≡ Menu
Pawel Brodzinski on Software Project Management

My Private Project: Credibility of Vendors

In My Private Project series I try to compare reality of managing a private-life project (building a house) with projects we deal with in our professional lives. Today’s topic is credibility of vendors.

At the moment I have one main contractor to do the first part of building the house. Until they are finished with their work it’s hard to push other tasks – you definitely won’t plaster or put floor unless the roof is ready. Now I expected to have the first phase ready by the end of January. OK, it was very optimistic plan since I couldn’t manage a risk of poor weather (it can be frostily and snowy in Poland in January). Anyway there were only a few days when the contractor couldn’t work because of weather, so I was pretty lucky. Unfortunately the slip already is much more significant. There’s thing which is now seen clearly:

They knew they’d slip when they were signing the contract.

They agreed to cut their delivery date to get the project. This made me thinking about all these situations when our estimates were coming back from sales department with message asking us to cut them in a half.

Sounds familiar? It should. I played exactly the same role here as our customers often do. I set tight deadline to have some buffer on my side for other phases of the project. I was however sure the deadline isn’t impossible to meet. What more, I had offers which promised to complete the job 25% faster. That was quite a pressure on the vendor I finally chose.

In our professional lives we face similar dilemma when the customer expects we’ll cut one third of the schedule out. We don’t know whether refusing to do so will result is seeing our offer butchered or it would be all fine for them. Most of the time vendors play safe and cut schedules even when they don’t believe they can manage to deliver on time. Sure, no one would confess, but I’ve seen it way too often to believe it happens only occasionally.

The situation hits credibility of vendors but it’s a rarity to hear from them “sorry, we can’t do it faster so we won’t promise you to do so.” Actually the problem is self-inflicted by clients, but I don’t expect their approach will change anytime soon. Hey, I’ve just used the same pattern, haven’t I?

Whole my private project series

in: project management

4 comments… add one

  • Andrew Meyer February 3, 2009, 8:37 am


    providing unrealistically short deadlines to win a project is like getting a “little bit married.” Once you’re married to a vendor or contractor, the costs of breaking the contract outweigh the benefits of going to someone else.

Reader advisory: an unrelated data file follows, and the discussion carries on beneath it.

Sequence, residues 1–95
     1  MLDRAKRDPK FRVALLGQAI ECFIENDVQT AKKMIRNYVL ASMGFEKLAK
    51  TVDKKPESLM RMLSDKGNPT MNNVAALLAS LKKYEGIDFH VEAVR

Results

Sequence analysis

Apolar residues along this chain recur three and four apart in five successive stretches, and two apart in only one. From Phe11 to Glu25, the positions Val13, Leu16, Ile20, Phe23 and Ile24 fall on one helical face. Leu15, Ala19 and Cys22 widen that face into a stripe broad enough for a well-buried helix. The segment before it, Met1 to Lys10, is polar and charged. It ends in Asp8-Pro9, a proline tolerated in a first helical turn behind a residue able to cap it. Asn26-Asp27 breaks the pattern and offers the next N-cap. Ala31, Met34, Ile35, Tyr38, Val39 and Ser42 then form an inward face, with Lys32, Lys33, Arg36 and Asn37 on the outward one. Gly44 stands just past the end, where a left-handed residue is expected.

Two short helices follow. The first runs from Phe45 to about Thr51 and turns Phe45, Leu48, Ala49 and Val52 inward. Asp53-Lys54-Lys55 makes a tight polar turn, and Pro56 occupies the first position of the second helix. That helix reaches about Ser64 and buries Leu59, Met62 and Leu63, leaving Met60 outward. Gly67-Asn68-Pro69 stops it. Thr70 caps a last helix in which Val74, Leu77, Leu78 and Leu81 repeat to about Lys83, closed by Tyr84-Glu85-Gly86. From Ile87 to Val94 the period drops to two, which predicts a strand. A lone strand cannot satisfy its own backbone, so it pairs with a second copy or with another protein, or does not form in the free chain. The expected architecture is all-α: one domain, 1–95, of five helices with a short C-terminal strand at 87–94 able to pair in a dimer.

You can put clawbacks into the contract, but someone has to absorb the costs and at some point they have to be covered.

    You can try making the contracts self contained enough that you can complete the contract and bid out future contracts, but that takes a lot of discipline.

    Do you think the current recession/depression will force people to bid contracts closer to what they think reality really requires?

  • Pawel Brodzinski February 3, 2009, 9:05 am

    I love “a little bit married” metaphor. Yes, after “marriage” no one will shoot you out when you miss a deadline but when a client clearly see they’ve been cheated at the beginning it isn’t a harbinger of a successful relationship.

    I don’t think recession would change the situation for better. I’m afraid it can become even worse. With less projects to get there will be much harsher competition between vendors and bigger pressure on project teams to present “better schedules.”

    The source of the problem is within clients – when they don’t squeeze deadlines they get more reasonable schedules. Vendors will always yield. The temptation to get the better delivery date won’t disappear so clients will press vendors to cut schedules until they understand it backfires on them (which won’t happen anytime soon).

  • Chris February 3, 2009, 7:49 pm

    As a client, vendors usually do things to set off my spider sense about their ability to get the job done on time. When this occurs, I feel that its incumbent upon me to establish regularly scheduled meetings to cross check schedules and mitigate risks.

    Its a lot of extra work, but if the deadline is real… then it needs to be met.

  • Pawel Brodzinski February 4, 2009, 2:57 am

    And that’s perfectly OK, since it’s the client’s (your) job to ensure the project is delivered as soon as possible, hopefully on a planned date.

    The thing hovewer I’m curious about is how (or if) do judge credibility of a vendor before project is kicked-off. Consider the typical situation: you get a bunch of offers and one of them looks fine except of delivery date. You tell the vendor “hey, we’d like to have it delivered in 4 months instead of 6, will you manage?” and they of course tell you they sure can.

    Now, what are your feeling about them?

Leave a Comment